A sonographer trainee assists upper-level sonographers in radiology tasks, learning how to work with patients and sonography equipment, analyze procedure results, take measurements and properly document all work done. Although much of her work is hands-on, these medical workers also take classes to learn about the body and sonography methods and tools. They often perform peripheral tasks such as organizing equipment, as well.
In terms of coursework, a sonographer trainee takes classes such as anatomy, biology and physiology, which provides a trainee with a basic understanding of body structure and functioning. Chemistry and physics classes also reveal how processes work within the body and how different sonography equipment affects tissues. Classes related to the use of sonography equipment show a sonographer trainee how and when to use different tools. Learning about other topics such as medical ethics is also standard.
During clinical hands-on training, the sonographer trainee learns to engage the sonography patient, asking questions to determine medical history or explaining how a specific sonography procedure will proceed. They also learn how to position the patient properly. If necessary, they immobilize the patient through tools such as supportive braces.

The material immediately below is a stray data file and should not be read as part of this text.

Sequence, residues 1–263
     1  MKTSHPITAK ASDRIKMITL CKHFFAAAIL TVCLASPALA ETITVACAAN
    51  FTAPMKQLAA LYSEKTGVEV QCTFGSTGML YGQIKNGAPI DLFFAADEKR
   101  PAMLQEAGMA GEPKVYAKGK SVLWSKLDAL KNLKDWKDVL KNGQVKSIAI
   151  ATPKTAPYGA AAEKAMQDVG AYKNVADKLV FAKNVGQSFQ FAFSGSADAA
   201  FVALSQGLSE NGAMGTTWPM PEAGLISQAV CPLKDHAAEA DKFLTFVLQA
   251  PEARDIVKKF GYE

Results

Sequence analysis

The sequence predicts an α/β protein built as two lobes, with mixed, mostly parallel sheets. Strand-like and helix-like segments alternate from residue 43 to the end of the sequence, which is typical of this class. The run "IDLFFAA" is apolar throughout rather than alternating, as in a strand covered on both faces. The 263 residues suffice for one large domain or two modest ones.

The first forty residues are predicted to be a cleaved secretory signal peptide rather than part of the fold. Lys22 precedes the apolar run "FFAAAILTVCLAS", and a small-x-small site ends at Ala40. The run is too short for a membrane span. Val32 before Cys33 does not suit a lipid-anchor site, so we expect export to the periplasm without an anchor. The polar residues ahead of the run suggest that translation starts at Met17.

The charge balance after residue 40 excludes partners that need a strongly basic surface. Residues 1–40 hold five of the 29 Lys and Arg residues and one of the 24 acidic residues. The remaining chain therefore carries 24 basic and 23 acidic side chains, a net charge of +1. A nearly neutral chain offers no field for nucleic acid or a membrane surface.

Working under an upper-level sonographer, a sonographer trainee also learns to operate sonography equipment. Although equipment varies depending on the trainee's focus, basic equipment the trainee learns to use include video equipment and high frequency transducers. The trainee also learns how to do basic troubleshooting of the equipment, although he is not responsible for major maintenance.
Once the trainee has obtained an image, he learns how to label and measure elements within the image. This is a very important skill, because measurements often indicate the progression or recession of disease or injury. The trainee also learns how to analyze what he sees in the image based on current medical and other scientific knowledge.
Another critical element of work for a sonographer trainee is learning how to document and report activities and results the right way. Although the sonographer trainee is not qualified to offer a diagnosis, the way she presents information about the patient, the procedure and the images affects the ease with which the physician can assess results. The trainee may learn how to use specific forms or what content to include in formal reports for the physician.
Sonographers at the trainee level often help upper-level sonographers with other tasks in the radiology and sonography department. For instance, they might send correspondence to patients or liaise with the scheduling department. They sometimes show patients to and from lobbies or waiting rooms, help track sonography equipment and other inventory and keep the sonography areas organized and clean. These tasks help sonography workers operate efficiently.